About 10 million people currently suffer from osteoporosis… 80% are women. Another 34 million have low bone mass, which can lead to the disease. Among women age 50 and older, 20 percent of Caucasian and Asian descent have osteoporosis. Only about 5 percent of black women and 10 percent of Hispanic women are affected. The disease seems to effect small boned women most often.
Other risk factors include: • Smokers • People who have had a fracture • Those with vitamin D deficiencies • Women in early menopause • Women with a history of irregular or missed menstrual cycles • Gastrointestinal disease • Thyroid conditions
To keep bones strong and to help improve bone density, the National Osteoporosis Foundation recommends: • Take 1,200 milligrams of calcium a day for people older than 50; about 1,000 milligrams for those younger. Calcium is found in dairy foods and from some green vegetables and is added to a lot of foods and drinks, including orange juice. • Take 800 to 1,000 International Units of vitamin D3 daily (the form of the vitamin that best supports bone health) • Do some form of weight bearing exercise every day. This includes strength yoga, walking, running or weight lifting. • Do not smoke.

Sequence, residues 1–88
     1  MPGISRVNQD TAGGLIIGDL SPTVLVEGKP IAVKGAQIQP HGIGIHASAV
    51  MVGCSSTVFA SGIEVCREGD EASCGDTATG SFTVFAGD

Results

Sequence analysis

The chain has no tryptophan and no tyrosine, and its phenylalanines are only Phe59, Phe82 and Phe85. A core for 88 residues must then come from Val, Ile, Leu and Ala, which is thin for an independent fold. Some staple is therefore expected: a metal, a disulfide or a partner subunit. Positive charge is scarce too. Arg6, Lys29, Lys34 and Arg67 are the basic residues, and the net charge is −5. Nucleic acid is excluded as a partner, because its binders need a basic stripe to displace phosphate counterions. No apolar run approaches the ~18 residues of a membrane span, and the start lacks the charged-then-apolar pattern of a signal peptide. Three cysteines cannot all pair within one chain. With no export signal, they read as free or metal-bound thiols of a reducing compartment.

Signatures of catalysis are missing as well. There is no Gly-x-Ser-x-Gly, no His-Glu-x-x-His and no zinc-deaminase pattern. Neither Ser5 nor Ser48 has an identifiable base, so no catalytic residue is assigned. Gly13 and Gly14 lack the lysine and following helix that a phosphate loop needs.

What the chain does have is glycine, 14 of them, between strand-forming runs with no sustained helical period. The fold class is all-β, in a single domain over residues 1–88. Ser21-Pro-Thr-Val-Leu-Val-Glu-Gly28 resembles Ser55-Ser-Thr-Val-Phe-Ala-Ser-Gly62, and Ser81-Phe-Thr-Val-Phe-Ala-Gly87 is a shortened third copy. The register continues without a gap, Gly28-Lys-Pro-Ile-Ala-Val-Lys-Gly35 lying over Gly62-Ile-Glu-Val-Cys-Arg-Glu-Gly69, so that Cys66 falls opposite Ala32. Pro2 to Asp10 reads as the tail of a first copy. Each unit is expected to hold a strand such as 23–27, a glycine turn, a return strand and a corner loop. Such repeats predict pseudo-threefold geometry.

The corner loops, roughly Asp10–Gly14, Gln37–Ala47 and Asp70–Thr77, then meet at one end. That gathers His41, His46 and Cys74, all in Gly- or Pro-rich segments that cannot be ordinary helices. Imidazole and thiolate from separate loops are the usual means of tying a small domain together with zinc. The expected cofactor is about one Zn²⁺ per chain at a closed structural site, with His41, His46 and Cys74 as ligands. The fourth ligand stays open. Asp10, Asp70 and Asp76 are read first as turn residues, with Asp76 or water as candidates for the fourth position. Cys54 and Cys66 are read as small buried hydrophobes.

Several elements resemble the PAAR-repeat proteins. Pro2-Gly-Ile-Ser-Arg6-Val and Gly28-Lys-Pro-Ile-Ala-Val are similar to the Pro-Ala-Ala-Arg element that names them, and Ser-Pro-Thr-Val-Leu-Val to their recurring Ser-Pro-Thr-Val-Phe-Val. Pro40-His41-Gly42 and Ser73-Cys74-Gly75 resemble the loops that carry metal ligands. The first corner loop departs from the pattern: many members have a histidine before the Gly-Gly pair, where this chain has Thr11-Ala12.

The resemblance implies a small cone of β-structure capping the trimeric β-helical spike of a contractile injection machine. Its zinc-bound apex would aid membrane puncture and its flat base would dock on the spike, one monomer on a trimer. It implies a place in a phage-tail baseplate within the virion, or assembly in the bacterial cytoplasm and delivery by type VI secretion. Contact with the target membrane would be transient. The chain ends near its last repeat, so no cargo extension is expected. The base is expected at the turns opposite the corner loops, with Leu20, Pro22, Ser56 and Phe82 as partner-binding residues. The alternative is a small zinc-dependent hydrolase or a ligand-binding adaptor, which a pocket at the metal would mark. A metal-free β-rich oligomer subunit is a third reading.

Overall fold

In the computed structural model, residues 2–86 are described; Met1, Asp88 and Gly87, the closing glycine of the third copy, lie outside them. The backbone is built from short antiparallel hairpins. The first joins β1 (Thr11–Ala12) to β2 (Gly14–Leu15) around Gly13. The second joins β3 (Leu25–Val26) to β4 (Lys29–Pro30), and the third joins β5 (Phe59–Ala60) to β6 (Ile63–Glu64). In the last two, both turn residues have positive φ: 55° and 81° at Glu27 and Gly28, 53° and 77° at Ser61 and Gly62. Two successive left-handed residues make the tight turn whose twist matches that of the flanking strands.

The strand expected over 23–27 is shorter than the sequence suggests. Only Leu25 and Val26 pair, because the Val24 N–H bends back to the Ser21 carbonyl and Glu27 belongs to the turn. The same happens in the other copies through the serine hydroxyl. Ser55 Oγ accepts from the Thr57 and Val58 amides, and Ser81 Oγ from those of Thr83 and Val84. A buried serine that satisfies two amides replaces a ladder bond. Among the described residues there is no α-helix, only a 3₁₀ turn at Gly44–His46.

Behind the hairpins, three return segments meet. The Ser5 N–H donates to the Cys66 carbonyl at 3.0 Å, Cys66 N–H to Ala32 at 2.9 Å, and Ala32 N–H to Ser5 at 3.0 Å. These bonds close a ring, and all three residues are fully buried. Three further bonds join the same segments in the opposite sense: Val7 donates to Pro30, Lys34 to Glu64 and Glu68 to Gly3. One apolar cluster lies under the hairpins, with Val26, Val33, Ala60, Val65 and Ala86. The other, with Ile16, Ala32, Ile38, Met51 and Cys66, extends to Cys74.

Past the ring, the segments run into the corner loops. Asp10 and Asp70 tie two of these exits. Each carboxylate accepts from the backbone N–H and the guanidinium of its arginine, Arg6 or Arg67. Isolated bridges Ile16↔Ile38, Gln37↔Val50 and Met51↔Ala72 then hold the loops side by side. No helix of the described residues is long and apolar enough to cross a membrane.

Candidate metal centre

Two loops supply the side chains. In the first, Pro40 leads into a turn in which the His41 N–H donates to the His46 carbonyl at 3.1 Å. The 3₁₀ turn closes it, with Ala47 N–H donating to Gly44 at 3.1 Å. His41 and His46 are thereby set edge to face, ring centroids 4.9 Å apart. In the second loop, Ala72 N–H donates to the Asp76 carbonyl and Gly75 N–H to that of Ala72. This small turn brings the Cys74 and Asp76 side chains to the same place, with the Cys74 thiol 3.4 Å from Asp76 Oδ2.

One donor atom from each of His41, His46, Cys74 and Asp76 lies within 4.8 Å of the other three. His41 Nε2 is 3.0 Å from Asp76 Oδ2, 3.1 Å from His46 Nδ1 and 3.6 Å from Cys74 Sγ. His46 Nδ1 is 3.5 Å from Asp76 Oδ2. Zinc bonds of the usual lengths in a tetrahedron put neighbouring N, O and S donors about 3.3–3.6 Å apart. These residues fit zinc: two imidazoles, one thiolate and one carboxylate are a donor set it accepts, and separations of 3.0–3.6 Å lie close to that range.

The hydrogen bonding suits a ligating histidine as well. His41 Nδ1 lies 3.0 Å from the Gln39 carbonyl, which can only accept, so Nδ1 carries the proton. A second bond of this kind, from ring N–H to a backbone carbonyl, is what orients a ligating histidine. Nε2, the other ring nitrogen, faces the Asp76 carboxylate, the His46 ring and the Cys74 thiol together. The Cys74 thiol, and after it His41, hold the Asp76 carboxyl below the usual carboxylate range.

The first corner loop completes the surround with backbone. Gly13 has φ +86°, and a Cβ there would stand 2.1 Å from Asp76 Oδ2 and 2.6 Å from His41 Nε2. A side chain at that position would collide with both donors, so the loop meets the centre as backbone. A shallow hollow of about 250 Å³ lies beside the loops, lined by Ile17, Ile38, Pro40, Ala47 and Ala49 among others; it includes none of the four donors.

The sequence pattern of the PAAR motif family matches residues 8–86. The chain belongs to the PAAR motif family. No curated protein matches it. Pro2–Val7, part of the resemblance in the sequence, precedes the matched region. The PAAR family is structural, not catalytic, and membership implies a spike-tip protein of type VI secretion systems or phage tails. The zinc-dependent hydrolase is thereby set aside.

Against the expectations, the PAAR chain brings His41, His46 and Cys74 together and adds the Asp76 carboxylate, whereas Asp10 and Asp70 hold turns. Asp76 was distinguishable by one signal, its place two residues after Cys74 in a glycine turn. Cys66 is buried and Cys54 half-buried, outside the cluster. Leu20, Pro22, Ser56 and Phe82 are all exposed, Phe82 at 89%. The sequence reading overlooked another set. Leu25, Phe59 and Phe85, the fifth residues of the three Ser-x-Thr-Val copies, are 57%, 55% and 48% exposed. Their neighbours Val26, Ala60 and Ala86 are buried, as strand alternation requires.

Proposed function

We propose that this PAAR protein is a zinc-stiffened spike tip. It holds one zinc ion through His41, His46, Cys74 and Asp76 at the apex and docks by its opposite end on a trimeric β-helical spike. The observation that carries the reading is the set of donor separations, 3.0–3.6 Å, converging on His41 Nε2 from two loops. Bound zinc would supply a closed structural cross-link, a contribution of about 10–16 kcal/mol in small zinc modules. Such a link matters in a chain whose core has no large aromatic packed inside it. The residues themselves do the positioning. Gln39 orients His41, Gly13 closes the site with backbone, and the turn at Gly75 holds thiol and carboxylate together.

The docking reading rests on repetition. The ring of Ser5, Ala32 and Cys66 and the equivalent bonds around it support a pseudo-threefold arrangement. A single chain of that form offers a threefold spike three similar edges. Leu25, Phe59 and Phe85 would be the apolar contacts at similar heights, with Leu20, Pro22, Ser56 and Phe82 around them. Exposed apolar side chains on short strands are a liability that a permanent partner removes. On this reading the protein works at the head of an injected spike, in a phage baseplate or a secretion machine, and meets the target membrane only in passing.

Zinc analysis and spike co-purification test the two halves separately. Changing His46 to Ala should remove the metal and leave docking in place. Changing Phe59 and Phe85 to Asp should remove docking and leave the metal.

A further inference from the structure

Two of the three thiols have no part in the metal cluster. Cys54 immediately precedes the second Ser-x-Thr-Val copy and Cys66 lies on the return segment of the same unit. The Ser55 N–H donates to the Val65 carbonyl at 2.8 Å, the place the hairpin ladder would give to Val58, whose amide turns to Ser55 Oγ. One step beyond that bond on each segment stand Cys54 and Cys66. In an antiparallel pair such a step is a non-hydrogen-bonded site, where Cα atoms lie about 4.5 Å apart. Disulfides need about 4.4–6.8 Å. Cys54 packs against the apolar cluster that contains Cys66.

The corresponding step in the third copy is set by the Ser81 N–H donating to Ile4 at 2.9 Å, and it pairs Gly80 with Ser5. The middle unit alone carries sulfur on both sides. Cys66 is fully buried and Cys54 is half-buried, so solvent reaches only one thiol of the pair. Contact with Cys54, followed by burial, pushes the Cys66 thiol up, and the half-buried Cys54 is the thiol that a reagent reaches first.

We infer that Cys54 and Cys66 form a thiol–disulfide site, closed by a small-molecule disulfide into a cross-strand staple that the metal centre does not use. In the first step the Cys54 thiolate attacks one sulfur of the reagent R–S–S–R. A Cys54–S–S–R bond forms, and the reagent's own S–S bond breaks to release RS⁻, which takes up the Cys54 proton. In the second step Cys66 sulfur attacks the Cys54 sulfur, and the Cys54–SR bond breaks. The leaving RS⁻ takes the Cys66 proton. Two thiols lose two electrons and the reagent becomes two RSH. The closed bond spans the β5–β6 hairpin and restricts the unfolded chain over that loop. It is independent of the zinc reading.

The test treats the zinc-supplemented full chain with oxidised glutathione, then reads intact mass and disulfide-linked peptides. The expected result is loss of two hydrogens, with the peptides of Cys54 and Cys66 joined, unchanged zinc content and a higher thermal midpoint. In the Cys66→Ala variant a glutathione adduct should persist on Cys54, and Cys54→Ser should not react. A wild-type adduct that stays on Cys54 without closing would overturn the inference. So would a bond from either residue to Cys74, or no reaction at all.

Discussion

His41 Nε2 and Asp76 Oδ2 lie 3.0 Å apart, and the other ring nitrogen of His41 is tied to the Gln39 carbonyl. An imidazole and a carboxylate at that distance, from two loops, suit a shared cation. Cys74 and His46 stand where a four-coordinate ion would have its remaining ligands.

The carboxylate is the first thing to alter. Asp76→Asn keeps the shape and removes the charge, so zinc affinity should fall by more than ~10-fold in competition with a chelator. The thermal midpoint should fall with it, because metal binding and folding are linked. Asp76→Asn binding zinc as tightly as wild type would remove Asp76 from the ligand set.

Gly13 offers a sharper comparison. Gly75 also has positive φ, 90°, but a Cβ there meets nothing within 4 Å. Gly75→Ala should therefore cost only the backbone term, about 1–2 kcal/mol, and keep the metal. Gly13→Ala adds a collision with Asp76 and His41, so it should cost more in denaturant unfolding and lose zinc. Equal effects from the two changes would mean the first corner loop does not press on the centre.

Osteoporosis, is caused by the loss of calcium from the matrix of bone cells. It is a natural process that is sped up in women by the onset of a menopause, when the body stops producing estrogen.
Women lose 4 percent to 5 percent of bone mass per year in the first five to seven years of menopause, so this is when it is extra important to follow the recommendations above. The disease is very silent, yet preventable. So ladies don’t feel guilty about those daily lattes because they are doing your bones good.